We woke up Christmas morning this year to the stomach flu at our house. Before the Bible could be read (we start every Christmas morning cuddled in bed reading the story of Jesus' birth) or the presents from Santa could be opened, this first "gift" was upon us. Much to the 5-year-olds frustration she had to wait for Mommy and Giraffeboy to feel well enough to start the morning's activities, and as soon as the last present was unwrapped Mommy went back to bed. There was no going to the big family party at my Aunt's house. I barely registered how cute Giraffegirl and Giraffeboy were opening their presents because I was trying to just make it through without being sick, and really it didn't feel like Chirstmas to me. But I believe that as in so many other times in my life, God blessed me with the gift of perspective, and left me grateful for the Christmas we had. A few days before this Christmas we got an email from our pastor asking us to pray for a family she knew who had just lost their wife/ Mother. This dad was left to raise two young kids, ages 4 and 8, on his own. In addition, 5 days before Christmas I attended the funeral of a close friend's husband, who lost his battle with cancer. My cousin celebrated her first Christmas since her son, age 15, died. So sick or not, as I looked around my room as we curled together watching a movie that afternoon, I couldn't help but realize that I was surrounded by everything I needed on Christmas, and that I was blessed. We are still working on getting better over here, but we are on our way, and we've had plenty of bonding time to enjoy each other as we've been homebound.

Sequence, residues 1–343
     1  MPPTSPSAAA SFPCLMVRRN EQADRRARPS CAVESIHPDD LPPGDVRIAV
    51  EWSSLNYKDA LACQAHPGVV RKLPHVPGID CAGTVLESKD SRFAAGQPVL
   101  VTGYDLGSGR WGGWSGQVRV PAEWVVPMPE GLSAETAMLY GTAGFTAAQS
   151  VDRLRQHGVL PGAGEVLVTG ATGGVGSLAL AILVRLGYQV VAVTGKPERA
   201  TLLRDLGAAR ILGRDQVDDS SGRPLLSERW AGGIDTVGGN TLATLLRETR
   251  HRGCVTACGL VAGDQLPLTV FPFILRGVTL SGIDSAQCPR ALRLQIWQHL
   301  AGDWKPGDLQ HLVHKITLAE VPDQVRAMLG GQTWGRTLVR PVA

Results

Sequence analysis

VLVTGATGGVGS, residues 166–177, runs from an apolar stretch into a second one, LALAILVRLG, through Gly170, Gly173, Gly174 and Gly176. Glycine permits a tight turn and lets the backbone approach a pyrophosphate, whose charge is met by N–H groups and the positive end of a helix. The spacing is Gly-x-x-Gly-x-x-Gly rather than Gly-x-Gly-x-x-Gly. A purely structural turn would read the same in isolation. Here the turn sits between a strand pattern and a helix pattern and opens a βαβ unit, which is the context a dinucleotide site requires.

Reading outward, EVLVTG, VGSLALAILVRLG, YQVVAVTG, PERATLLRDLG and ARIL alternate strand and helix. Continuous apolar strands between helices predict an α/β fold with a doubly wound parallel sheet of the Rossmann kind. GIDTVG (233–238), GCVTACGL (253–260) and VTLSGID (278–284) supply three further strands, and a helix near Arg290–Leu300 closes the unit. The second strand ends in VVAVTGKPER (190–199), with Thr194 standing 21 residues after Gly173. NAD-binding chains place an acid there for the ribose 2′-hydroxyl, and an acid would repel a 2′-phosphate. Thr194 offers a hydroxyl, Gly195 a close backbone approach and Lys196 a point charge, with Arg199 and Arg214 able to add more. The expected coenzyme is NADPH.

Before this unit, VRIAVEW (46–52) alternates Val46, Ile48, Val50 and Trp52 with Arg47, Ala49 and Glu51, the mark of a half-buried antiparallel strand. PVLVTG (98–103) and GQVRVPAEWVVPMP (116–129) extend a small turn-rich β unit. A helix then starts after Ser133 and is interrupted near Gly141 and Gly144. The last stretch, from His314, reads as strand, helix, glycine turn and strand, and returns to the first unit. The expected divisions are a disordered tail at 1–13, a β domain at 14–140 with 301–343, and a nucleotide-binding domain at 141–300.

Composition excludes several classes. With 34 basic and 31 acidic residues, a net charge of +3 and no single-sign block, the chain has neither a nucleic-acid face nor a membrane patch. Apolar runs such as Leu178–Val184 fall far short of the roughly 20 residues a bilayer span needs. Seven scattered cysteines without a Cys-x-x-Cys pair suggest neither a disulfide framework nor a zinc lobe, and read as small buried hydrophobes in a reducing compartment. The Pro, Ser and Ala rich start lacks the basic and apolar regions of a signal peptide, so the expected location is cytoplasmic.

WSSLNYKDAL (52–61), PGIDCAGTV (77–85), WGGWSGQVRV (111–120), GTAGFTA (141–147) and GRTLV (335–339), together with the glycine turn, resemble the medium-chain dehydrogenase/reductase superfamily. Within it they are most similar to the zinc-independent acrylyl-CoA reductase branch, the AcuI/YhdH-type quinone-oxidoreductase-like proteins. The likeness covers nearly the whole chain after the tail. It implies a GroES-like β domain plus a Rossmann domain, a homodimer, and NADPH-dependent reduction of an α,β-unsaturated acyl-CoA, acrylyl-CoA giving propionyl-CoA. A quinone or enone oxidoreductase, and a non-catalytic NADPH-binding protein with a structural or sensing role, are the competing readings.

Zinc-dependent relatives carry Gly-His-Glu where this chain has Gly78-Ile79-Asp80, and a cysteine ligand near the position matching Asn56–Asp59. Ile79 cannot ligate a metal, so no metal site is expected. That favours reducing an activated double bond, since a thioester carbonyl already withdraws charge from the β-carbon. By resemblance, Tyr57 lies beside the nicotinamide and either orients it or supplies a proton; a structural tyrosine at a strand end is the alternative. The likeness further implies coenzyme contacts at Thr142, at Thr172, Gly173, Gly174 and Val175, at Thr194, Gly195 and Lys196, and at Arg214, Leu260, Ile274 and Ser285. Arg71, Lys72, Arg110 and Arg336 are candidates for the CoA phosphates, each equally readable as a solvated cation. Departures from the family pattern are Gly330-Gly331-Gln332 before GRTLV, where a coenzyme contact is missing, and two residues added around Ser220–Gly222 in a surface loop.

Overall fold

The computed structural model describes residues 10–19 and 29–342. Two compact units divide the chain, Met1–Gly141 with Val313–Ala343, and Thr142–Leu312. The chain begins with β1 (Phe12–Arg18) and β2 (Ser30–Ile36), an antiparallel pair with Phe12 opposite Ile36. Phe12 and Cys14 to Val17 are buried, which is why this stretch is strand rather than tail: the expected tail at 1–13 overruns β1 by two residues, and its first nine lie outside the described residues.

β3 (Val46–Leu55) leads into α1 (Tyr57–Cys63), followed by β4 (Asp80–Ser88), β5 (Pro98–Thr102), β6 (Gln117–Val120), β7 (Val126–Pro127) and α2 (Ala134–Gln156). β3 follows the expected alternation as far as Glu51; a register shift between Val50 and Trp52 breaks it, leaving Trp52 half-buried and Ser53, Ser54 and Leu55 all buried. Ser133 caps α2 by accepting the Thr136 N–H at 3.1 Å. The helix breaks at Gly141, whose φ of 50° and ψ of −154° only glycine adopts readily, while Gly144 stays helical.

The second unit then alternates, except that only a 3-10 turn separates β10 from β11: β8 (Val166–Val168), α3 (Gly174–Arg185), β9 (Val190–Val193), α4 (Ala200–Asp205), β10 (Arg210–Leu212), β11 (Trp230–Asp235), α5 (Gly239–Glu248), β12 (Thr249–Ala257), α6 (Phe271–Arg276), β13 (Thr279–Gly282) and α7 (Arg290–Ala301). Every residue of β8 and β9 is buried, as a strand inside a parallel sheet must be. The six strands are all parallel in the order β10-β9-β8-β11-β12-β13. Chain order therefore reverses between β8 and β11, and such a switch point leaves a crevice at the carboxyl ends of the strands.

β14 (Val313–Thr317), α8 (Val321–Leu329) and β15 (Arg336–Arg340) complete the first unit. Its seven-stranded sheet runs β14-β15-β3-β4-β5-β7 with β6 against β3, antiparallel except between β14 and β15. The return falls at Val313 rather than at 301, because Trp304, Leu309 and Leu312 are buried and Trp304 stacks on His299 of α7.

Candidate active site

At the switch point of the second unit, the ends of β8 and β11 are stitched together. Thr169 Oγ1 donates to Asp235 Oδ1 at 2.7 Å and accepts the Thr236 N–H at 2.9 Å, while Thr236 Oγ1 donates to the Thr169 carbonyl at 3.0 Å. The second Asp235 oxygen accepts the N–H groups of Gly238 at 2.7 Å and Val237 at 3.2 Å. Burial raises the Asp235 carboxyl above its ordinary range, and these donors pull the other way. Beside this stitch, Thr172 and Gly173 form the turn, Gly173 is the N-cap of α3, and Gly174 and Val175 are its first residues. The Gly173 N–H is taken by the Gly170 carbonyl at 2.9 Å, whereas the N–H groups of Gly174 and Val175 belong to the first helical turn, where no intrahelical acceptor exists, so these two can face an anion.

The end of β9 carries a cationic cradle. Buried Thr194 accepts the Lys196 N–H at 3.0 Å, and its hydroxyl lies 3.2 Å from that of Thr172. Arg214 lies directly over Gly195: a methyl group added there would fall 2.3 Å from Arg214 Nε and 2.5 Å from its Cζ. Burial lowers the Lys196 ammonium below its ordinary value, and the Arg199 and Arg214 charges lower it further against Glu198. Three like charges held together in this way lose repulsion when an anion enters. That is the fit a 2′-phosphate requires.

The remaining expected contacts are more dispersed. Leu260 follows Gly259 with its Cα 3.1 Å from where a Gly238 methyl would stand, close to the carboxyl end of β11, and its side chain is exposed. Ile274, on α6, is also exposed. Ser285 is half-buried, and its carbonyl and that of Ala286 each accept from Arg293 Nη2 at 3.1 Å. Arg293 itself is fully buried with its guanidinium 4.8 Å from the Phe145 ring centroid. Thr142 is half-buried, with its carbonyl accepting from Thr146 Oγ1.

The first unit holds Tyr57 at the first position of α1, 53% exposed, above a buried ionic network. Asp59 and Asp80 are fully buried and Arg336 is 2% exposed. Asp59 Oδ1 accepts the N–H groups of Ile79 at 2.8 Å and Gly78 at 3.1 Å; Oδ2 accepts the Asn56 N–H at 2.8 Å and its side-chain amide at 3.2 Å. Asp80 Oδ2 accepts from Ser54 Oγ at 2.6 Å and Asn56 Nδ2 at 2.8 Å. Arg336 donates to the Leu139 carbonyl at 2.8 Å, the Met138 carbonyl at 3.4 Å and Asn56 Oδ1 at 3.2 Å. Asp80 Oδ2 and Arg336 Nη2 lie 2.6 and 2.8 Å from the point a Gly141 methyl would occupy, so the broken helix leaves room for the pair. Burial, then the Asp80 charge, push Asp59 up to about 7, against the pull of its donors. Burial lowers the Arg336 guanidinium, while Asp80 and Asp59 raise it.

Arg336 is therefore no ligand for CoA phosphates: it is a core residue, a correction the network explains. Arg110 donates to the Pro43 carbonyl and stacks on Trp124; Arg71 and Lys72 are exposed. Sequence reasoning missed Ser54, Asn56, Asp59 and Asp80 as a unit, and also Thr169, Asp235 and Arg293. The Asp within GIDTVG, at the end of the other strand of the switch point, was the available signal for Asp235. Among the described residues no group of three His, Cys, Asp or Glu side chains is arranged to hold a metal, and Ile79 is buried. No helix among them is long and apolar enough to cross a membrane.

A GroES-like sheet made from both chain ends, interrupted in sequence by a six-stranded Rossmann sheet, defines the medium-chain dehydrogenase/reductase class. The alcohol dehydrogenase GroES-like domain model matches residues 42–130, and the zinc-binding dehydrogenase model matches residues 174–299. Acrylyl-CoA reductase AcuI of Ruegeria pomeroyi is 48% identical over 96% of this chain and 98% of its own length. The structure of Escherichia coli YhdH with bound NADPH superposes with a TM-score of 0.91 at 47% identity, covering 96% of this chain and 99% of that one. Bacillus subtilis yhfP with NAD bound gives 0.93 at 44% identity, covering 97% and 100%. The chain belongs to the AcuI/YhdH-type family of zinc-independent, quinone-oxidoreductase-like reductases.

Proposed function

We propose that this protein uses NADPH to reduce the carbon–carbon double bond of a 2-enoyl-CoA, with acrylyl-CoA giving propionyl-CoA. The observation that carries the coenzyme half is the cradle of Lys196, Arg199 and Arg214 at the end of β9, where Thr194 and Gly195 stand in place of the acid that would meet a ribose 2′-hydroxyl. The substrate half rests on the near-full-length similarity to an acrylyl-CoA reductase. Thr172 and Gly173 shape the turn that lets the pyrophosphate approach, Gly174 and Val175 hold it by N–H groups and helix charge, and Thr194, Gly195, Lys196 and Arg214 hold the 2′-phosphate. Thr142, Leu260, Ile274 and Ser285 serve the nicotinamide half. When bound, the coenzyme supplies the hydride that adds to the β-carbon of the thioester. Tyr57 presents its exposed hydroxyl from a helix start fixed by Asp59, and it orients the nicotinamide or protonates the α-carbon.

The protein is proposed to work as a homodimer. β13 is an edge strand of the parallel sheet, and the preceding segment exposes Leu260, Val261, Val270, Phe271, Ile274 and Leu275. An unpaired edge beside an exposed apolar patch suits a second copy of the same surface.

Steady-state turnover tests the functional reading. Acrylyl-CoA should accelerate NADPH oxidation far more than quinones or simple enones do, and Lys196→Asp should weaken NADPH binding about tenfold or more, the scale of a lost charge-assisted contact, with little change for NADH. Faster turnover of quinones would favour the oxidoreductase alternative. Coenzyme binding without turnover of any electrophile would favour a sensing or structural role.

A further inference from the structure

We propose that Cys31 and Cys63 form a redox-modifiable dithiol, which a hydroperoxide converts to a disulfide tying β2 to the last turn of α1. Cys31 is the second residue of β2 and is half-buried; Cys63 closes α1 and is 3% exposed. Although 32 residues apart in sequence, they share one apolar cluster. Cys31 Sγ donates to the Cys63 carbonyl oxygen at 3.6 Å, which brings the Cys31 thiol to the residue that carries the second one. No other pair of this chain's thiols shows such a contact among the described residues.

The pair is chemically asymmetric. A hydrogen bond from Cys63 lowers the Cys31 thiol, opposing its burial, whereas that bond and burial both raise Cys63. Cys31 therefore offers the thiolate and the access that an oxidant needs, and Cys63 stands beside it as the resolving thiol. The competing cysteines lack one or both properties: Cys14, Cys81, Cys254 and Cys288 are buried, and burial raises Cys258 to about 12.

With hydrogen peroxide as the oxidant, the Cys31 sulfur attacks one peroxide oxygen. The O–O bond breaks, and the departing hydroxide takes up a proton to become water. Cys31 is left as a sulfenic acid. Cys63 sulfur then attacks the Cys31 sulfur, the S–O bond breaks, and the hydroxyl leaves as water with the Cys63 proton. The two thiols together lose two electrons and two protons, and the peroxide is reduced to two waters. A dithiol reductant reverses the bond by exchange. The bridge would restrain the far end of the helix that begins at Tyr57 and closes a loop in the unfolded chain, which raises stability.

This isn't the first time that I've been blessed with perspective. My sister has a close friend whose little girl, Maryah, was diagnosed with ewing-sarcoma bone cancer at age 9. Maryah was amazing- strong, brave, inspirational, and her battle with cancer, including multiple remissions, went on for over 6 years before she died at age 16. Just watching someone so young fight such a hard battle gives you perspective over the things going on in your own life, but in our case, it gave us an even more important perspective and was a blessing. During the years of her fight, my son was born and diagnosed with marfan syndrome, followed by my daughter being born and diagnosed. It seemed that with every new marfan "issue" that came up in my family, my sister would call with the news that something worse was going on with Maryah. I remember vividly the day we got the news that my daughter had marfan syndrome. I was shocked, heavily grieving her perfect health, and I called and cried with my sister on the phone. It wasn't a half hour later that the phone rang. My sister, in her tear-filled voice, told me that Maryah's cancer was back. Suddenly I wasn't grieving my daughters perfect health, but was instead thanking God that she could LIVE with what she had. That wasn't the first time that happened with Maryah and our situation, and it surely wasn't the last, but it lives in my head as a reminder. And don't get me wrong, I would gladly give back all the perspective for Maryah to never have had cancer, for her to be alive and healthy. But I recognize this gift she left us all with.
There are other ways that the gift of perspective has been a blessing in my life. I mentioned earlier that my friend's husband died this year when he lost his battle with cancer. I've watched as he went through the ups and downs of fighting cancer for nearly 10 years, including the periods of remission. I've seen the struggles of dealing with insurance, medical appointments, and so much else. I have another good friend who is fighting cancer too, and I see the struggles she and her family face. And because of our own experience with marfan syndrome I can empathize with the financial strain they go through, and with the insurance struggles and other things. And because of so many situations I've been through with my extended family and friends, I have seen how quickly someone can die, how we aren't guaranteed to live to old age, and how each day is a blessing. When I see these friends fighting these battles I truly realize that it could be me or my family instead. I think of the quote "there but for the grace of God go I", and I am grateful for that grace. It's one more way the gift of perspective has blessed me.